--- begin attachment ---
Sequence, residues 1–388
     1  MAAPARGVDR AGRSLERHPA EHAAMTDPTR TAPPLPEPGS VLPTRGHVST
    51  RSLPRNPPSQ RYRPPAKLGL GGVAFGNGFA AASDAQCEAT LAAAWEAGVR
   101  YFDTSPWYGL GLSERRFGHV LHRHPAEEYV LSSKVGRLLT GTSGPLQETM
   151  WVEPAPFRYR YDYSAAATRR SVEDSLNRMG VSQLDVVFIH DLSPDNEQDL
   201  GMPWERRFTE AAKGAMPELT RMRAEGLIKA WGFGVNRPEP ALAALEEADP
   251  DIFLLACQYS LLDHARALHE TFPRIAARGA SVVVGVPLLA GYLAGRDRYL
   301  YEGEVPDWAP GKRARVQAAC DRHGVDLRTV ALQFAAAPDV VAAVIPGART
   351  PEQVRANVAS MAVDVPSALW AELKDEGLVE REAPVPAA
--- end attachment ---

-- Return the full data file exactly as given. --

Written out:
Sequence, residues 1–388
     1  MAAPARGVDR AGRSLERHPA EHAAMTDPTR TAPPLPEPGS VLPTRGHVST
    51  RSLPRNPPSQ RYRPPAKLGL GGVAFGNGFA AASDAQCEAT LAAAWEAGVR
   101  YFDTSPWYGL GLSERRFGHV LHRHPAEEYV LSSKVGRLLT GTSGPLQETM
   151  WVEPAPFRYR YDYSAAATRR SVEDSLNRMG VSQLDVVFIH DLSPDNEQDL
   201  GMPWERRFTE AAKGAMPELT RMRAEGLIKA WGFGVNRPEP ALAALEEADP
   251  DIFLLACQYS LLDHARALHE TFPRIAARGA SVVVGVPLLA GYLAGRDRYL
   301  YEGEVPDWAP GKRARVQAAC DRHGVDLRTV ALQFAAAPDV VAAVIPGART
   351  PEQVRANVAS MAVDVPSALW AELKDEGLVE REAPVPAA